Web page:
Housing Inventory Levels Are Still Too High ~ market folly

Wednesday, December 30, 2009

Housing Inventory Levels Are Still Too High

As we've mentioned numerous times on Market Folly, a large part of America's economic problems are tied to housing. Until the excess inventory is removed, we still have a situation. Below is a chart of housing inventory levels from 1999 to November 2009 as per data from the National Association of Realtors. As you can see, inventory is well above the historical average. And while a reduction in inventory from the recent peaks has occurred, there is still a need for further reduction.

(click to enlarge)

It seems that government programs such as the first time homebuyer credit have certainly helped spur buying. However, the question remains: what happens when those programs end in May 2010? Many hypothesize that buying will dry up once those benefits cease.

Further complicating things is the Federal Reserve's actions in the mortgage markets. Their purchases of mortgage backed securities (MBS) and agency paper have filled a large hole. Besides them, who else has been buying those assets? No one really. At some point, they will have to stop their purchases. They've already delayed their exit once and are now looking to exit around the end of the first quarter of next year.

Come March of 2010, we could be facing a serious rise in mortgage rates due to the Fed's exit. While this may not stop transactions in their tracks, it certainly will impact potential buyer's monthly payments and could deter them. The combination of rising mortgage rates and the removal of government incentives for buying will most likely not help reduce the massive inventory overhang.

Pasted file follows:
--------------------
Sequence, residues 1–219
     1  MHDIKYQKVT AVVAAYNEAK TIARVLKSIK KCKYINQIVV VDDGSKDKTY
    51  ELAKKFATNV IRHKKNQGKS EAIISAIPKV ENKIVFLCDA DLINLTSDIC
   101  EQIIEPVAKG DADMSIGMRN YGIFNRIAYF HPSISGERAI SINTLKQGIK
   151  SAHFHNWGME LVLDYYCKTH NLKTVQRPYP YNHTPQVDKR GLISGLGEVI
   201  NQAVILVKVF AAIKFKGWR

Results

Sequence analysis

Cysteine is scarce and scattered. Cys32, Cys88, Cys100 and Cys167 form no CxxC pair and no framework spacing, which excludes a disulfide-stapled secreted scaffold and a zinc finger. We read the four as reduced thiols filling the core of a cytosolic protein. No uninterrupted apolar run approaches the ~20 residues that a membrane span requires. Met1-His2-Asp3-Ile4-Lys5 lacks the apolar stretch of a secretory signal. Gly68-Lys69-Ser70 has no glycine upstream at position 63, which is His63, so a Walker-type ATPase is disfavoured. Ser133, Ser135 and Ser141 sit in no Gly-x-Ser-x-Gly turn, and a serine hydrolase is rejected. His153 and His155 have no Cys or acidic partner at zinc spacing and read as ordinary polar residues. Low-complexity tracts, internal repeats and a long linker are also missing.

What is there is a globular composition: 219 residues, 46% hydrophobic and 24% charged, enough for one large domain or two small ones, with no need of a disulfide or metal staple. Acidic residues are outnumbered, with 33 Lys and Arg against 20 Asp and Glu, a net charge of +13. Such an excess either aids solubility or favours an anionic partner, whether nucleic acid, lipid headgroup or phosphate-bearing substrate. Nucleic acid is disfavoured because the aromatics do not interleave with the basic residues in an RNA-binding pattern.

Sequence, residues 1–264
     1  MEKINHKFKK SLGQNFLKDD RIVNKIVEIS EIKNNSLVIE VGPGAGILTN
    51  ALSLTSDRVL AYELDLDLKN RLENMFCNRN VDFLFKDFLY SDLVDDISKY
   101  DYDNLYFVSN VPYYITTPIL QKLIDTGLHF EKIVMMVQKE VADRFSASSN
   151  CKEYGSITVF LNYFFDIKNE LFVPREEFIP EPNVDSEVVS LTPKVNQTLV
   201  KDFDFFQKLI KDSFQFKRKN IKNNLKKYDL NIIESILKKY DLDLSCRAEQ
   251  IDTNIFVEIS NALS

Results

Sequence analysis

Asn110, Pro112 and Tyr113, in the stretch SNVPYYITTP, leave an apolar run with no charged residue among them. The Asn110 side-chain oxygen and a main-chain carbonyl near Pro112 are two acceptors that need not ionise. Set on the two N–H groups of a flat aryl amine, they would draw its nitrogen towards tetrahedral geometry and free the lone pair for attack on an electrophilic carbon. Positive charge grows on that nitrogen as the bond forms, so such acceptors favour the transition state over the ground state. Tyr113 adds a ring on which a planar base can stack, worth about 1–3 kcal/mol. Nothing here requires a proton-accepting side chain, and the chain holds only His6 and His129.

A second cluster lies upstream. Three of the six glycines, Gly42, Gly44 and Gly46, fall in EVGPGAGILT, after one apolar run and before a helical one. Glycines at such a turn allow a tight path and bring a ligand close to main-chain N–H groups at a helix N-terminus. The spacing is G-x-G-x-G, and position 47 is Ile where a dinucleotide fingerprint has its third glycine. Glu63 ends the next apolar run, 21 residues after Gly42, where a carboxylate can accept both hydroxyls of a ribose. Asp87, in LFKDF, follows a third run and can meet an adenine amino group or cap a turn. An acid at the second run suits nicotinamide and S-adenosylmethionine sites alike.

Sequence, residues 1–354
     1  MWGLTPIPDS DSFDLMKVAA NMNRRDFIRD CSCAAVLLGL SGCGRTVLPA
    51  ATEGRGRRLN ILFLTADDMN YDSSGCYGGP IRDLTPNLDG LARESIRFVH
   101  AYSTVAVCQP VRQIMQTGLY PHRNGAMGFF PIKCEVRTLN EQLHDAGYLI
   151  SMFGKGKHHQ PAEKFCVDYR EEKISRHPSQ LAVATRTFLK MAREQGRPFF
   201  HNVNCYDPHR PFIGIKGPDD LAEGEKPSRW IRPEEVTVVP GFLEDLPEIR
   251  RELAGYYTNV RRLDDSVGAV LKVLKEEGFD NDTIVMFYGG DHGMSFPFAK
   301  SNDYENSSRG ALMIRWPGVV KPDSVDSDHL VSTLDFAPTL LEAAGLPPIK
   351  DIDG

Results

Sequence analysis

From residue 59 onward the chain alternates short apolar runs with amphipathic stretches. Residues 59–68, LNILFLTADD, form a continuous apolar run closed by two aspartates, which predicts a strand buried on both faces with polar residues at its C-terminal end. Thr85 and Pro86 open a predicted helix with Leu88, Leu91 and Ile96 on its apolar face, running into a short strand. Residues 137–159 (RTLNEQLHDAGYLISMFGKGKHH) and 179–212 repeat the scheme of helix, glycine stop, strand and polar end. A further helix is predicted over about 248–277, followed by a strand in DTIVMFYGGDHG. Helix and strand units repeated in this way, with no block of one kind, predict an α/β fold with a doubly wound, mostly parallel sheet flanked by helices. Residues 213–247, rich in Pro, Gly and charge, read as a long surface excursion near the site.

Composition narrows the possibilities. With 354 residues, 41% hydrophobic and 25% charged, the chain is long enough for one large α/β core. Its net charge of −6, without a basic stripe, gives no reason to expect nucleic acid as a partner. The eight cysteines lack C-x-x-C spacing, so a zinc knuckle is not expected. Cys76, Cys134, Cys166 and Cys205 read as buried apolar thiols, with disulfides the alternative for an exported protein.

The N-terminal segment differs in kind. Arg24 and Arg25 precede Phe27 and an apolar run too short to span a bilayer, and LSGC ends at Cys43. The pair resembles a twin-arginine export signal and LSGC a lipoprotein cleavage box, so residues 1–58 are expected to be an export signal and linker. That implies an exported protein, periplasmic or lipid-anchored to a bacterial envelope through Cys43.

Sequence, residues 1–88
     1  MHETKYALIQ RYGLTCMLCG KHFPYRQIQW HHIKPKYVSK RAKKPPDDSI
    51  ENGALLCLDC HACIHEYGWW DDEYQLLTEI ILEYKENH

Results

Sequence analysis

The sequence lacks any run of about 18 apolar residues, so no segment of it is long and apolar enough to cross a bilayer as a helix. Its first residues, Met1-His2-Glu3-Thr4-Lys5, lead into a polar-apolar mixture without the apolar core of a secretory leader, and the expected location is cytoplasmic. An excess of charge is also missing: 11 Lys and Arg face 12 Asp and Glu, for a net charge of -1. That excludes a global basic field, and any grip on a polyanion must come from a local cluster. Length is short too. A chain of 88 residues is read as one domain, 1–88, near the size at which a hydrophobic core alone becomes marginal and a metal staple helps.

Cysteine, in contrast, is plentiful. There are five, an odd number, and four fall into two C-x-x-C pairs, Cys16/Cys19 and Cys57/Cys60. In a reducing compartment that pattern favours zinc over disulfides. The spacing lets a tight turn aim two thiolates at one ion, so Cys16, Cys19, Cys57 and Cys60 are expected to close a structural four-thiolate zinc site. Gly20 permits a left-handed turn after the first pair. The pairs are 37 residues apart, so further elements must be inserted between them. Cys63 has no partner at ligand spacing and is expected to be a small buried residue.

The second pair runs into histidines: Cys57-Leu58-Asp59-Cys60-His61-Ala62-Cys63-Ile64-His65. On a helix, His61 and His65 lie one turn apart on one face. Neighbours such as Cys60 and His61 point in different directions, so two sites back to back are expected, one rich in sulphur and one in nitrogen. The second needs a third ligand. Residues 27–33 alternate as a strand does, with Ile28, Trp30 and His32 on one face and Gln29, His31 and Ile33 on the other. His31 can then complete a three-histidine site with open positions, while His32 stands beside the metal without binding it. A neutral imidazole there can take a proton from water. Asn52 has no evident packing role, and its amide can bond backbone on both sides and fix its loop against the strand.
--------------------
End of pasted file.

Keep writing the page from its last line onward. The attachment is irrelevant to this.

Not to mention, America still has the problem of many people looking to get out of their current homes as they owe more than what it is worth. Hedge fund manager Paolo Pellegrini long ago proposed a mortgage solution but we really have yet to see a true solution enacted. Then there's the whole situation of tons of homes being tied up in the court system, waiting to be repossessed, etc.

The main point of all of this is to remind everyone not to get too giddy. Sure, equity markets have rallied over 60% off the March lows and the economy has started to show some signs of recovery. However, on an economic level we still have fundamental problems to deal with... problems at the heart of the crisis. You have to keep in mind that the economy and markets don't always tell the same story. For true signs of economic recovery, keep your eye on the mortgage and housing markets. There will definitely be some fireworks in these arenas in the first half of the year.

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